At Least 16 Dead, 18 Missing in Flash Flood in Western China

By The Associated Press
The Associated Press
The Associated Press
August 18, 2022 Updated: August 18, 2022

BEIJING—A sudden rainstorm in western China triggered a landslide that diverted a river and caused flash flooding in populated areas, killing at least 16 people and leaving 18 others missing, Chinese state media said Thursday.

Rescuers, who earlier reported 36 people missing, had found 18 of them by early afternoon, state broadcaster CCTV said in an online update. The official casualties, however, may not reflect the total, given the Chinese regime has a record of downplaying and covering up information from such events.

The Wednesday night disaster affected more than 6,000 people in six villages in Qinghai province, CCTV said.

China is facing both heavy rains and flooding in some parts of the country this summer and intense heat and drought in other regions. State media have described the prolonged heat and drought as the worst since record keeping started 60 years ago.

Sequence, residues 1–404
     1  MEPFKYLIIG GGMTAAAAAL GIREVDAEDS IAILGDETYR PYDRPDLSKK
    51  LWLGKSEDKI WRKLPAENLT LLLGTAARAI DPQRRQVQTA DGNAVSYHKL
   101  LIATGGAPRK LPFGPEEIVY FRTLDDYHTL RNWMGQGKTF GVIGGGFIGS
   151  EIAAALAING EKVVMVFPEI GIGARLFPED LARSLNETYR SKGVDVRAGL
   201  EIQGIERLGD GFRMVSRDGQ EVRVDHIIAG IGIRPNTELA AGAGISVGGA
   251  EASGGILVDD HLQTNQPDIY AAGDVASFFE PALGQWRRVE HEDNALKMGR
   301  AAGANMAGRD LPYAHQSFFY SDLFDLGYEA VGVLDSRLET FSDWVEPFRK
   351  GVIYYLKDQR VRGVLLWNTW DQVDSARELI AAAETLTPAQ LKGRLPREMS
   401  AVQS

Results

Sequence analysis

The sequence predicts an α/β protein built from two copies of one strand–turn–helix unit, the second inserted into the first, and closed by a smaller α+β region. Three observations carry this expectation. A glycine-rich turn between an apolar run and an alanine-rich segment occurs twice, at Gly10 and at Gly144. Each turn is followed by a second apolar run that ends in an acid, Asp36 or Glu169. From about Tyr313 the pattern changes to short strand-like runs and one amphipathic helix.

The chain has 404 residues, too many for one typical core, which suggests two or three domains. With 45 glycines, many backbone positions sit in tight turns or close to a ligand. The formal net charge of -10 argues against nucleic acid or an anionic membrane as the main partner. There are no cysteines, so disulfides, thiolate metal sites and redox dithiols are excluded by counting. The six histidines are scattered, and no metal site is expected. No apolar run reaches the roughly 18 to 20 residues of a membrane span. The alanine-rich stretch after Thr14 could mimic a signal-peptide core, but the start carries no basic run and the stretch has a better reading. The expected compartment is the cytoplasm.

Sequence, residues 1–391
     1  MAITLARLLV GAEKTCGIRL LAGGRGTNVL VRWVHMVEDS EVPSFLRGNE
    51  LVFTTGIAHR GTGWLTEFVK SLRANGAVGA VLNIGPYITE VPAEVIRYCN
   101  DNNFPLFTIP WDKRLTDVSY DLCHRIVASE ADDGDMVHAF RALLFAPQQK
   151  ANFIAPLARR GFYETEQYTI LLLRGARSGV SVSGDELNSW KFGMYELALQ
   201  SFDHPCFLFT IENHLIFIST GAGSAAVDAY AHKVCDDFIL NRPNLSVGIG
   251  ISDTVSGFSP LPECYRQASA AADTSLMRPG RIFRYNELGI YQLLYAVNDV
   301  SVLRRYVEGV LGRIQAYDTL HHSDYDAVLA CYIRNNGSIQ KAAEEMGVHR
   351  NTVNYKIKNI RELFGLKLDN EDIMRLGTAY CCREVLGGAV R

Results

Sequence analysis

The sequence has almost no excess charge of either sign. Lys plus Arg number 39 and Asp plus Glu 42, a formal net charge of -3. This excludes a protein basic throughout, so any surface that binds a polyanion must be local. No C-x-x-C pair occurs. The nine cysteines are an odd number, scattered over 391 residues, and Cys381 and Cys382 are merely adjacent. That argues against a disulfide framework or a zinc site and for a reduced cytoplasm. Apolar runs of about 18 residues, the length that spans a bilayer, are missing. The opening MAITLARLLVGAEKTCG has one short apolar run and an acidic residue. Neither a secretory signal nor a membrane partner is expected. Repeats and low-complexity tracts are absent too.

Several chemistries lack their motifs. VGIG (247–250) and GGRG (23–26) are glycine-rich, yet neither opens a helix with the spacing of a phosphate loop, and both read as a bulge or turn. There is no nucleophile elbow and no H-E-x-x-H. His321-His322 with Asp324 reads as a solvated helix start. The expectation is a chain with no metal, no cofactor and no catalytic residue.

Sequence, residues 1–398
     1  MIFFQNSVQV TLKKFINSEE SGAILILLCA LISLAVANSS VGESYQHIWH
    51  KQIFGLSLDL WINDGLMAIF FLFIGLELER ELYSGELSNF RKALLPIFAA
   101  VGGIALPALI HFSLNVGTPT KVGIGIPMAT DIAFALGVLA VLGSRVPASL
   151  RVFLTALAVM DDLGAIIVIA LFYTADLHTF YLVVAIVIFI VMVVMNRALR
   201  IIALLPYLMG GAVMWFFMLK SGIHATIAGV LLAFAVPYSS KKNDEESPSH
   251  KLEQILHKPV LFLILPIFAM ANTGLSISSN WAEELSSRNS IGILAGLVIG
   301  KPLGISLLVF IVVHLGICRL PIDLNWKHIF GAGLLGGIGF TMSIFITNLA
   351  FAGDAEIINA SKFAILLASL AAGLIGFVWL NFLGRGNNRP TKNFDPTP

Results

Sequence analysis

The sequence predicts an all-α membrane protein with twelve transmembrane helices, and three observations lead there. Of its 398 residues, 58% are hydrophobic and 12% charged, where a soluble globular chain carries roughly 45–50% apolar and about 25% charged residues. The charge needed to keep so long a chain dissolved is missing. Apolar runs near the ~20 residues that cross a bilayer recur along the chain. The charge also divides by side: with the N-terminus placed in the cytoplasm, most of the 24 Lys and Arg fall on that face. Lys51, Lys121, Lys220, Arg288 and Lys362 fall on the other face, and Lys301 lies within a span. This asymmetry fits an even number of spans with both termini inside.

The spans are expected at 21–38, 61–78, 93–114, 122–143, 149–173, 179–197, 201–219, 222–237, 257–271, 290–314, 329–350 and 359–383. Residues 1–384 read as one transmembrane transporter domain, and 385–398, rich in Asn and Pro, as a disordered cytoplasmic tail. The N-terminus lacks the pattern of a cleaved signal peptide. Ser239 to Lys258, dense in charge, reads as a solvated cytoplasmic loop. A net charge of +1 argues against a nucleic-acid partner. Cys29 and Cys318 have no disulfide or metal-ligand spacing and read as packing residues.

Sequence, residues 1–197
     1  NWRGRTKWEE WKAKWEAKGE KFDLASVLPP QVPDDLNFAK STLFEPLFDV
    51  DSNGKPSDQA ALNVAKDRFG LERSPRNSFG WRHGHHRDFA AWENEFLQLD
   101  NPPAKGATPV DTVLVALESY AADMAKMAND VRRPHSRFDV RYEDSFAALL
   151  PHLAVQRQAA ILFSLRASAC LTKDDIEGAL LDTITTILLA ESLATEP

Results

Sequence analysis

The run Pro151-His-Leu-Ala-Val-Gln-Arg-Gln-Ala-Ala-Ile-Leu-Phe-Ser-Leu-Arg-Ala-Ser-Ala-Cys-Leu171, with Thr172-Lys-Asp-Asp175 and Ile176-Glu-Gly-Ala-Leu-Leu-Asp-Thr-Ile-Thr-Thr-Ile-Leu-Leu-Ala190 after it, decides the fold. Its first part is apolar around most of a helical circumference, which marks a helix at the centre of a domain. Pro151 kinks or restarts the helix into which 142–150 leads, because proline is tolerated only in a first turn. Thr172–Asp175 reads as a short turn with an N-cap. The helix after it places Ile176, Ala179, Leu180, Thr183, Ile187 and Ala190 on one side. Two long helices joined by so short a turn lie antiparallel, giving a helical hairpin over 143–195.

Emergency authorities described the flash flooding in Qinghai’s Datong county as a “mountain torrent.” Such torrents generally result from heavy squalls in mountainous areas. Water running down the mountain can turn gullies or streams into raging rivers, catching people by surprise.

Video posted by the Beijing News website showed muddy water rushing down a wide street at night and debris-strewn areas with uprooted trees, partially washed-away roads, and overturned cars after the waters had receded.

Seven people died last weekend from a mountain torrent in southwestern China’s Sichuan province.

Elsewhere in Sichuan and other provinces, crops are wilting and factories have been shut down as a drought cut hydropower supplies and high temperatures raised the demand for electricity to run air conditioners.

Tesla Ltd. and SAIC, one of China’s biggest state-owned automakers, suspended production at factories in Shanghai due to a lack of components from 16 suppliers in Sichuan that shut down, the Shanghai Economic and Information Industry Committee said in a letter released Thursday.